Sacred Smudge Sticks

Like people, each plant has a purpose.  Some provide nourishment, while others offer shelter or have healing properties.  In addition to its use as a culinary herb, Sage is known for protecting one’s environment & healing the energetic field (aura) of the person who uses it.  Some even call it the “Spirit Caller”.   For early Egyptians it promoted fertility & for the Celts, it represented immortality.  At 47, I have no desire for either of those!  Instead, I focus on this aromatic plant’s ability to banish evil & unwanted influences, create sacred space, heal, & inspire wisdom.

I use smudge sticks of Sage (sometimes combined with juniper or cedar) for a variety of reasons, most often, to bless my home.  I light the stick & use an owl feather to direct the scented smoke to the corners of each room.  As I walk in awareness, I say a special blessing for this space to be full of light, laughter, love, & warmth.  I also pray that my family & friends feel welcomed, nurtured, & loved when they enter my home.  Other times, I use sage to prepare for meditation or to dispel the negativity that can follow me home at the end of the day.  I imagine the day’s stress floating on the smoke & eventually disappearing.

Sage 2

As the chance of frost threatens my herb garden, I decided to harvest the varieties of sage to make smudge sticks for my friends. Before I cut the silver green leaves from their woody stems, I said a prayer of gratitude.  Once my basket was full, I brought the sage inside & selected 7 different colors of embroidery floss, representing the chakras, to wrap my sage into bundles.  I grasped a handful of sage, cut the stems evenly across the bottom, & secured them with the floss.   I set the intention that each smudge stick will bring healing & wisdom to the person who uses it.  There is exactly enough sage for the 7 major chakras.  Perfect!  I hope they enjoy the smudge sticks as much as I enjoyed making them.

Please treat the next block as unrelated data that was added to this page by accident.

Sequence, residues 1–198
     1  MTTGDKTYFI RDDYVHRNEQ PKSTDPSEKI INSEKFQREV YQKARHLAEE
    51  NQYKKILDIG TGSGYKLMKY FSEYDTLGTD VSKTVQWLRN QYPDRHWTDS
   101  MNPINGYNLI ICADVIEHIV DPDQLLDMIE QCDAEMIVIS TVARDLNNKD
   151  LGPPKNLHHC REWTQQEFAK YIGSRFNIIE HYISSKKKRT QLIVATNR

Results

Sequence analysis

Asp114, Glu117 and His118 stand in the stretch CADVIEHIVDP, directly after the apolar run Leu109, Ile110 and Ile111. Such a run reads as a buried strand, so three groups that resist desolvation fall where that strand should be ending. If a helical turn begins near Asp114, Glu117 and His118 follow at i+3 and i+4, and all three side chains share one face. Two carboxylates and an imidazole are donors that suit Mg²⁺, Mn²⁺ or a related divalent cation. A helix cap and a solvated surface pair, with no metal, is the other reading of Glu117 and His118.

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A Vision Quest… for Me?

I generally recognize the moments in my life when I’m simply to say “Yes!!” without hesitation.  Whether I actually do it or not is another matter entirely.  Sometimes fear makes me second-guess myself, paralyzing me when I most want to act & filling me with regret if I submit to it.  When I find the courage to release the apprehension that grips me, instead confidently seizing life’s opportunities when they appear, I act from an authentic place- a place of intuition & deep knowing.  Then, there can be no regrets for at least I had the courage to try.

One of my spiritual teachers & dear friends offered me the chance to go on a Vision Quest…but wait a minute… aren’t Vision Quests for adolescent boys & girls of Native American descent or other indigenous people desiring a connection with all that is?  Yes.  Can Vision Quests be a way for any of us to connect with all that is, respectfully crying out for a vision for our lives, too?  Absolutely YES.

The Vision Quest is a way to seek clarity during life’s transitions & move forward from a place of greater awareness.  For example, we may need redirection or illumination at stages of our lives such as adolescence, graduation, marriage, divorce, empty-nest syndrome, menopause or retirement.  Any time we feel apprehension, restlessness, self-doubt, or a gnawing eagerness for transformation is a perfect time for a Vision Quest.